Vetro e Metallo

8 December, 2017

Brass and copper jewellery hammer local markets

“Every piece that people buy, we give them a lifetime guarantee because we know the quality is going to stand up and it won’t break,” says Wendy Lees, owner and designer of Vetro e Metallo. It means “glass and metal’ in Italian. Every ingredient is chosen by hand securing the quality of the material.

Quality is key for the brass and copper jeweller with every piece designed from the ground up, every link soldered. “For us, everything is about quality,” says Wendy. “We wouldn’t ever buy anything unless we’ve seen it.”

Starting out as a glassworks in Wollonggong, V&M transformed into a handcrafted jewelry business in within ten years, making the most of upcycled, salvaged metals. The decision came from wanting to make all of the elements in-house rather than sticking to beads of sterling silver. Wendy found that working with copper created a more earthy appeal by crafting a product that’s more unique.

Crafting a steady stream of quality products requires regularly collecting metals by the kilo. Their Braidwood-based showroom often sees regulars who deliver metals or coins, and discuss designs on top of purchasing jewelry. Some customers have given them coins and received jewelry in return.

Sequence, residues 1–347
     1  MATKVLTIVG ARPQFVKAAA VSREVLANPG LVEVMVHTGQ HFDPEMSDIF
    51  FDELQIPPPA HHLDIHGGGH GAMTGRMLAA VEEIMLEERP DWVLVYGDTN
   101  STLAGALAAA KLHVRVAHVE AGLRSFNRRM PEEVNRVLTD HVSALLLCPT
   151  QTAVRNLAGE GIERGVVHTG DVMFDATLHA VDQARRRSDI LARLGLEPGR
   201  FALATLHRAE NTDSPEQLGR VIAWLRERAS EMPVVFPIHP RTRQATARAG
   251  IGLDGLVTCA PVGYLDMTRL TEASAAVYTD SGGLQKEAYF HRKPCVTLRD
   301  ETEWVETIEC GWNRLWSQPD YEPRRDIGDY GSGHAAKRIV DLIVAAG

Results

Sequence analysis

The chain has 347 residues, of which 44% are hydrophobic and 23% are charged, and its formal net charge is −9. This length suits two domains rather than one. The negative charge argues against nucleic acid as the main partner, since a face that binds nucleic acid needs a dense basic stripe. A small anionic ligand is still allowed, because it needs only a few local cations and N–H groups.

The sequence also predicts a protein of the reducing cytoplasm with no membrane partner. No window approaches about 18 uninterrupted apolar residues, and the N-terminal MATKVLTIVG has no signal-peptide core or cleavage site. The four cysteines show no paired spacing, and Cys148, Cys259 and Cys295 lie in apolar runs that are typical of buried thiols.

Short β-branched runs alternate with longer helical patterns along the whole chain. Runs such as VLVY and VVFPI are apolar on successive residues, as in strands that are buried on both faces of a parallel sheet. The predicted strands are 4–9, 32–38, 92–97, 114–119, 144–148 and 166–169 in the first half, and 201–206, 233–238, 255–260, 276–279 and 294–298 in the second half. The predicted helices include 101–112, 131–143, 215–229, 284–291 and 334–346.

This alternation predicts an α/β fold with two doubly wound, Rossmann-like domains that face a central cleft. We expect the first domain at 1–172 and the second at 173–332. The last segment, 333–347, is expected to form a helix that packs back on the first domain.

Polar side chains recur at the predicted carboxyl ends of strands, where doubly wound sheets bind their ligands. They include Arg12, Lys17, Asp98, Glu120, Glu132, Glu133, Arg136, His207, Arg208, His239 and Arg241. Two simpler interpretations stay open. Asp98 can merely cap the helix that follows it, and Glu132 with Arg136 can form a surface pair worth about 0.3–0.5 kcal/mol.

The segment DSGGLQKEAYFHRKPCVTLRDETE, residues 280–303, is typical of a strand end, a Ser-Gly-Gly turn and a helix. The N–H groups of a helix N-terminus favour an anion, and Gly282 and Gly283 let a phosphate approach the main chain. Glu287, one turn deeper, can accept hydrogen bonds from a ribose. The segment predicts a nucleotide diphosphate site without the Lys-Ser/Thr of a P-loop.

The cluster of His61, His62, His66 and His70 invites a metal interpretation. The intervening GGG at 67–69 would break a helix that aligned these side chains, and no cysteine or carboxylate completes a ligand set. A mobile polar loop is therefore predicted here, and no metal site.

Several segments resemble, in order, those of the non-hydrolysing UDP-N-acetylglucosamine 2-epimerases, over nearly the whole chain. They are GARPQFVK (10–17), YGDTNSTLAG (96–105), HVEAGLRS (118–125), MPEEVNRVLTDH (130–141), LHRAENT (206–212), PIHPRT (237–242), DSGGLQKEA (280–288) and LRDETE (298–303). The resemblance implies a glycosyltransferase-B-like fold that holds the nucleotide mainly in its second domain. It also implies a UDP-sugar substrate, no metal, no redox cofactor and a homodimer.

Imagine a heavy metal cylinder crushing materials against a thicker cylindrical base, with the life-sized machine whirring and wheezing during the whole process. The hydraulic press is only one of many that’s described as “very industrial” machinery and tools. Although anvils and hammers are used to shape the product, it’s really the width and the weight that dictate the design for the simple reason that if it’s too heavy, then it can’t be worn as jewellery.

The classics are always saleable and it’s what makes them unique, yet Wendy says she’s always on the lookouts for new designs. Inspiration can come from virtually anywhere. It might come from nature with colours of the environment or from models on an international catwalk.

Big Feature Earrings are a result of making models’ fashion wearable, says Wendy. Think big hoops surprisingly light enough to dangle on the ears.

Another range to keep an eye out for is “cinetico” which is Italian for kinetic. The line is designed by playing with shapes and chains in an effort to capture motion.

Vetro e Metallo has now become one of the many loyal stalls that can be found in the Old Bus Depot Markets (OBDM). While on the lookout for artisan markets, Wendy was immediately welcomed and hasn’t really missed a Sunday since.

Six years strong, Wendy aims for V&M to be in more outlets and have a wider distribution. Their website was completely revised and relaunched in late 2017. The goal is to let customers purchase any V&M product online.

For more on Vetro e Metallo visit their website and like them on Facebook @vetroemetallo.jewellery.

For the latest trends in the local market in Canberra, make sure to like us on Facebook @oldbusdepotmarkets

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